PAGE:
As the world grows increasingly interconnected, leveraging third parties is becoming increasingly important to achieve necessary agility. It’s not necessary to reinvent the wheel; software developers often focus their time on adding value rather than finding new ways to do old tricks. Thanks to the open source software community, there is a massive ecosystem of libraries that help solve most of the common problems they face. Reusing this type of code, is, however, not without risk. Sometimes it introduces risks that are challenging to manage unless controls are in place to verify whether the software you’re relying on meets the standards you’d set for your internally developed code.
PwC’s Red Team has discovered an easy to exploit unauthenticated directory traversal vulnerability in the spring-boot-actuator-logview library, which is used by some applications in the Spring Boot ecosystem. A threat actor that has access to the log endpoint provided by this library would be able to read arbitrary files on the server hosting the application. This kind of vulnerability would usually allow a threat actor to get access to at least all data sources (e.g. databases or cloud services) used by the vulnerable application. Depending on the purpose of the application, these data sources might include sensitive data that a threat actor might want to either acquire or manipulate. Spring Boot applications relying on this library should be updated to include the patched version immediately.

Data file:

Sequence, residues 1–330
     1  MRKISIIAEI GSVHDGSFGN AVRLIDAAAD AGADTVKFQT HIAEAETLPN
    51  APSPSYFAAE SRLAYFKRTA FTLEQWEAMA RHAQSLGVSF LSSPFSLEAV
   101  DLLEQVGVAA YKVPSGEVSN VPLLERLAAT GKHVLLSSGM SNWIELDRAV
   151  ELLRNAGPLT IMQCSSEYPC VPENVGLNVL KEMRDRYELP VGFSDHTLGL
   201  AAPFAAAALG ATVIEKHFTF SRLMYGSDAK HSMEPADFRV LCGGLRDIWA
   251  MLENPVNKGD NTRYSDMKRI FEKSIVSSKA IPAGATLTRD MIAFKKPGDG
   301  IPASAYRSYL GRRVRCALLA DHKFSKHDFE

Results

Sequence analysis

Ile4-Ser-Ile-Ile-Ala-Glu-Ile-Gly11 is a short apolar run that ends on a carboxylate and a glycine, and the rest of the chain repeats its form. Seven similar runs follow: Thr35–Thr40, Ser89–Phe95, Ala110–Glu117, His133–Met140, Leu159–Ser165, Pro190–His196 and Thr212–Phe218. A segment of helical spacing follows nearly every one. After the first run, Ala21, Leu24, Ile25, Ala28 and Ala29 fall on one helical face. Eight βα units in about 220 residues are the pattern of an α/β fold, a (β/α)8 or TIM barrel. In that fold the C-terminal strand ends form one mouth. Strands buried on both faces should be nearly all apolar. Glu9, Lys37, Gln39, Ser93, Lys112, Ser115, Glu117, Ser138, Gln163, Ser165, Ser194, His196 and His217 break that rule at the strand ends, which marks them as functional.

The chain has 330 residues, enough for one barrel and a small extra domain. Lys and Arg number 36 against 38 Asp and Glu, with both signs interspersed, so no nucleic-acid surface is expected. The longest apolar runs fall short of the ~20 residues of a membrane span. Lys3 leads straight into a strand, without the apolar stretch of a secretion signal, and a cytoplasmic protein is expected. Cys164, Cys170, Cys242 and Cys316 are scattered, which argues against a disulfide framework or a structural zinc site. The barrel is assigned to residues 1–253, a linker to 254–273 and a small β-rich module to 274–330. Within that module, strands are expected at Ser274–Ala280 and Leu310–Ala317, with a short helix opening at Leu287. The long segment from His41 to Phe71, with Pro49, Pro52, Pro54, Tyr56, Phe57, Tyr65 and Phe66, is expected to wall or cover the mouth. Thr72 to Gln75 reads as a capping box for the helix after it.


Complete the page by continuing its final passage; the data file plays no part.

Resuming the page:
|Vulnerable versions||<= 0.2.12|
During a penetration test for one of our clients, we were testing a number of Java web application servers based on the widely-used Spring Boot framework1. After performing initial reconnaissance on them, we noticed that they expose an endpoint (/log) for viewing log files. Some investigation showed that this endpoint was provided by the Maven package eu.hinsch:spring-boot-actuator-logview23.
After selecting a log file, we were directed to a URL of the following form: /log/view?filename=somefile.log&base=
Seeing this, our first attempt was to inject ../ into the filename parameter to access files outside of the intended target directory. This, however, did not work, as that parameter appeared to be sanitized.
We did, however, have more luck trying to inject something into the base parameter. This parameter indicates the subfolder of the log file to be displayed. Furthermore, the developers appeared to have overlooked it while sanitizing user input. Instead of a failed assertion, we were now presented with a much more promising “no file provider found” error message.
Assuming that the target was running a version of the GNU/Linux operating system, we went for the /etc/passwd file to confirm that we can read arbitrary files on the server’s filesystem.
While this is not a full-blown Remote Code Execution vulnerability, this sort of vulnerability is in many cases just as devastating. Depending on the user and group the vulnerable application is running under, a threat actor abusing this might have access to a wide range of local files containing secrets or similar. These almost always include all external data sources used by the application in question (for example database backends). On Linux, a threat actor can additionally read the environment variables of the running process by accessing them through the proc-filesystem using the /proc/self/environ file. These variables can often also contain sensitive information.